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I have been reading fishing posts from almost every reservoir in Northern Utah.
Almost every post has said that the fishing was very slow for the past few days.
With all the snow that we recieved this week, do you think that the fish bite may have been effected by the new snow?
We haven't has snow depths like this for several years so I don't remember if this has happened in the past.

Maybe I'm just looking for a good excuse for my poor fishing, but why knows?
 

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I think the fish bite very much depends on weather. How I dont know. It seems like when Im ice fishing in a storm I never do as well as when its clear. On the other hand in the summer months I can do very well in a rain storm. :?: :?: :?:
 

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here's some information on ice Fishing For Perchies.


Yellow perch fishing peaks just before ice-out when they cruise shallow flats and rock piles. early winter many perch in the back ends of bays or off shore line points in water of 4 to 8 feet deep. mid winter perch move to deeper water generally 20 to 40 feet they gather along breaklines just off sand or mud flats often near the base of a drop off. mid morning to mid afternoon is the fastest action. Changing Weather Conditions Have little effect on perch fishing. Most perch fisherman rate minnows as the best bait. using a #6 hook pierce the minnows back just below the dorsal fin. use a bobber to suspend the baitfish about 6 inches off the bottom. perch fisherman often tip artificials with eurolarvae, waxworms, minnow heads or perch eyes. Please check local regulations before using perch eyes as bait. some sates do not allow this practice. The Best types of artificials include small jigs small jigging spoons and the Normark Jigging Rapala. Best Colors include silver, gold, red, yellow, and chartreuse.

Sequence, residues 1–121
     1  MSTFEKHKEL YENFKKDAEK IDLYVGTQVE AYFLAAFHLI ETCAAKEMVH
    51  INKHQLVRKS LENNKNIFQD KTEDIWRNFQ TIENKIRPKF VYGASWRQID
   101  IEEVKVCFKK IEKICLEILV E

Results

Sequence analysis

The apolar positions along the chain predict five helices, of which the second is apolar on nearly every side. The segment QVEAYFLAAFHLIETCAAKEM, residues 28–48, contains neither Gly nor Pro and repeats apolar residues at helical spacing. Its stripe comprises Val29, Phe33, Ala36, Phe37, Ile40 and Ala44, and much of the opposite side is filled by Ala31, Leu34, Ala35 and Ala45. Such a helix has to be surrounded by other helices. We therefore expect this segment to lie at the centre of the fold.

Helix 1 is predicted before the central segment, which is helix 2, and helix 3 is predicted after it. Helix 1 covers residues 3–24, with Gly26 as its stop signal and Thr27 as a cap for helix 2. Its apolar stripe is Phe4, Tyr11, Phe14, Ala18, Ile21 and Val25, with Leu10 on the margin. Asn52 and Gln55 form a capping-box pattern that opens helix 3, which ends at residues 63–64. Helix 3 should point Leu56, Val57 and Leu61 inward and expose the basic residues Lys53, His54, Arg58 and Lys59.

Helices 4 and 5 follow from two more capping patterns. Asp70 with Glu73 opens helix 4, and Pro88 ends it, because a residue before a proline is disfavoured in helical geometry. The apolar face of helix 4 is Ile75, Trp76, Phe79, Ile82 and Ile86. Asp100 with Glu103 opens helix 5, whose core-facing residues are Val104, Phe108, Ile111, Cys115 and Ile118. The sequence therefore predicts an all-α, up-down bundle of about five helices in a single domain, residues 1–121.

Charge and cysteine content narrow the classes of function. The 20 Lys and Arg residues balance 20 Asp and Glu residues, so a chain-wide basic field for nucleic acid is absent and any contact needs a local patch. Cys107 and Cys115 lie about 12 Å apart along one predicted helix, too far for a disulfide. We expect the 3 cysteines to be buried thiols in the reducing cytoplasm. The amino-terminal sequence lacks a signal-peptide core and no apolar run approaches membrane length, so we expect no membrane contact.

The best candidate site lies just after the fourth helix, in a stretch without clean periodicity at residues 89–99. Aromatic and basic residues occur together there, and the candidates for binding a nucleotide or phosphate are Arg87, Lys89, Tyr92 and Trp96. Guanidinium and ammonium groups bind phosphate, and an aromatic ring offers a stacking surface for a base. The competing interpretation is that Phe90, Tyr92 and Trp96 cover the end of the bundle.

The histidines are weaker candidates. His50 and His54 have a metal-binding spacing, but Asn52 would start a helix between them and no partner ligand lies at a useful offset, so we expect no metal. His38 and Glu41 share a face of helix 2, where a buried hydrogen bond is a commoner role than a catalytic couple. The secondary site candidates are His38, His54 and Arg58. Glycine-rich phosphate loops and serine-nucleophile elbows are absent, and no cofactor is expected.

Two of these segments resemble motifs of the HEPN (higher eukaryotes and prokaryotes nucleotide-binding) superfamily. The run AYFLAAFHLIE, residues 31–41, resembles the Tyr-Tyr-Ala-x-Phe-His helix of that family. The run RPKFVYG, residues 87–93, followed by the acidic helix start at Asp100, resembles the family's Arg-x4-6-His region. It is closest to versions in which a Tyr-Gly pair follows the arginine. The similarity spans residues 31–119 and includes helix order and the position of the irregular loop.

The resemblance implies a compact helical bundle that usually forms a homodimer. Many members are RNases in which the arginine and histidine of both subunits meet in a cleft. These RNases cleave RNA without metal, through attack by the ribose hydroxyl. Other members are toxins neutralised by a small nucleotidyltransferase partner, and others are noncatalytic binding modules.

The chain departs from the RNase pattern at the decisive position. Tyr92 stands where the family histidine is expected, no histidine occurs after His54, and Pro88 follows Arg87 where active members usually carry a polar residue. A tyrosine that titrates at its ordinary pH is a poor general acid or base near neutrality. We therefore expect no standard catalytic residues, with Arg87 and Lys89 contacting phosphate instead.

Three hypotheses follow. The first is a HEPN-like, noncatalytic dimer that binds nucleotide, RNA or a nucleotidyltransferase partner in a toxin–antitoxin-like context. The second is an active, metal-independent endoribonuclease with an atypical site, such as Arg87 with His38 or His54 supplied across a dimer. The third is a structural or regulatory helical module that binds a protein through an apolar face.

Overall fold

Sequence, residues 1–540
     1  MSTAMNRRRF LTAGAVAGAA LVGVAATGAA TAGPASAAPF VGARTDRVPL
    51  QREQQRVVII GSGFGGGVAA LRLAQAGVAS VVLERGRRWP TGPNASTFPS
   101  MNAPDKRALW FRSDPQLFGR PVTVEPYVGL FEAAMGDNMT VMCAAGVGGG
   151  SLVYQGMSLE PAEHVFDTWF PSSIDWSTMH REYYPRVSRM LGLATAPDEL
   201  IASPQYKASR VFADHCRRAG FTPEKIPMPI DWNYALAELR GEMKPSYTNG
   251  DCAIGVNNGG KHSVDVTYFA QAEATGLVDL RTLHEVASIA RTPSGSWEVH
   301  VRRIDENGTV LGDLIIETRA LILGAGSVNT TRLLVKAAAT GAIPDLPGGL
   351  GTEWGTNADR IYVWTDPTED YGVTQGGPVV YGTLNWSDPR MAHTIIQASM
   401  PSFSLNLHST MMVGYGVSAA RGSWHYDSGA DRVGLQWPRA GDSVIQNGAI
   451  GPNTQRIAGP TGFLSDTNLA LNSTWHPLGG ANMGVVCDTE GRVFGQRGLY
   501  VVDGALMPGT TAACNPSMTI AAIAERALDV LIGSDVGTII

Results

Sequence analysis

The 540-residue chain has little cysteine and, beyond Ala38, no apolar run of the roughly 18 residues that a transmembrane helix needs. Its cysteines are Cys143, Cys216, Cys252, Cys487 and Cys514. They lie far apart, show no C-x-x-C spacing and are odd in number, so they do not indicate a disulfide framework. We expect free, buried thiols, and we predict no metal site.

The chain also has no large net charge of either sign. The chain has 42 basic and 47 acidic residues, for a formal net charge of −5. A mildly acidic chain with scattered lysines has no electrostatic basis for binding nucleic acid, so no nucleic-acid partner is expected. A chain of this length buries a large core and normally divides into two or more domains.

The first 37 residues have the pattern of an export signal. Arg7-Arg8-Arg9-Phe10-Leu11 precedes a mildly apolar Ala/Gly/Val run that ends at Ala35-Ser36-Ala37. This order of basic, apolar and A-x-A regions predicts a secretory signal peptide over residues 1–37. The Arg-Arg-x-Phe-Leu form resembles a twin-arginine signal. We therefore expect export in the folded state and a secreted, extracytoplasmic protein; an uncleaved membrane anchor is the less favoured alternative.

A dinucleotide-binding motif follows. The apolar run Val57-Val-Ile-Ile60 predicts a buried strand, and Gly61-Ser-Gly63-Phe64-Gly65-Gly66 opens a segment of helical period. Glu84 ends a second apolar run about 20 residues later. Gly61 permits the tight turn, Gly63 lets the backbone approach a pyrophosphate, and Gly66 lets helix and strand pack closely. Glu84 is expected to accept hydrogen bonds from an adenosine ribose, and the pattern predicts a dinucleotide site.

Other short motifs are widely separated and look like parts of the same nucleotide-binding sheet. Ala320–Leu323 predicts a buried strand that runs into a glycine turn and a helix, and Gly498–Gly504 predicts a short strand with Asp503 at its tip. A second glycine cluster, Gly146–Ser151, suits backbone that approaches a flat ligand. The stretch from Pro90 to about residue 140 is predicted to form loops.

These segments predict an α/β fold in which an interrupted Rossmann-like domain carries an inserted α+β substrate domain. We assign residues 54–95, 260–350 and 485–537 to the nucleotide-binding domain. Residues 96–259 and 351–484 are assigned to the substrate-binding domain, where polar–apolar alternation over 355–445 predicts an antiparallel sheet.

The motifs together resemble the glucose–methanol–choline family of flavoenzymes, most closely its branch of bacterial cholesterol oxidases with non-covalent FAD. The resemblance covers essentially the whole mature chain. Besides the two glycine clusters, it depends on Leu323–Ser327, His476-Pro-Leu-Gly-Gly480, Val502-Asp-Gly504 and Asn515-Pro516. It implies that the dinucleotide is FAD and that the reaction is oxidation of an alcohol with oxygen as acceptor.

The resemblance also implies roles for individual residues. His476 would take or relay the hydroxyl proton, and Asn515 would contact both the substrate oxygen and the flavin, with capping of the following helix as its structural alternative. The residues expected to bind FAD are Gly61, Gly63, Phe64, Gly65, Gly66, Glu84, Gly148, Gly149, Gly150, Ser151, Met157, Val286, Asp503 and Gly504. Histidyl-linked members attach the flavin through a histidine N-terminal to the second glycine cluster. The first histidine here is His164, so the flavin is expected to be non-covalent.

I hope the above information will help you increase your success rate on those bait robbin perchies.

tmf
 

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Thats a good question Grandpa D... I too have wondered that question among similar lines. I think it has to do with the changing pressure or somethinig like that, if anybody has a real fact on this that would be interesting to read.
 

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I have also wondered that same thing. I have heard it has everything to do with the moon phase & the barometric pressure. Something to do with when there is a certain moon phase, it affects the gravitational pull. I have done best ice fishing right when a huge storm is about to come in & the barometric pressure is really high. I dont have any scientific proof, But Just from personal experience , a few hours before a huge storm has worked best for me.
 

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I read a book a little while ago called The Ways of Trout by Leonard Wright. His theory is that, for trout anyway, the temperature gradient is what gets the fish going. When the water temperature is around 63 degrees, the trout's gills are the most effective at pulling oxygen from the water. As the temperature moves toward that sweet spot the amount of oxygen in the trout's blood and brain increases and the fish becomes more aggressive about feeding. Whether this is true and, if so, how it works in winter and under ice, I have no idea but I find it interesting. I went fishing last on Thanksgiving morning and it was cold and getting colder and the fish seemed lethargic. I tried both flies and spinners, and got a few that would follow the lure, but nothing seemed to make them bite. It seemed to me, for that outing anyway, that maybe this theory has something to it.
 

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STEVO said:
I have also wondered that same thing. I have heard it has everything to do with the moon phase & the barometric pressure. Something to do with when there is a certain moon phase, it affects the gravitational pull. I have done best ice fishing right when a huge storm is about to come in & the barometric pressure is really high. I dont have any scientific proof, But Just from personal experience , a few hours before a huge storm has worked best for me.
+1, I also have the best success right before a storm, and I mean within an hour or two of it.
 
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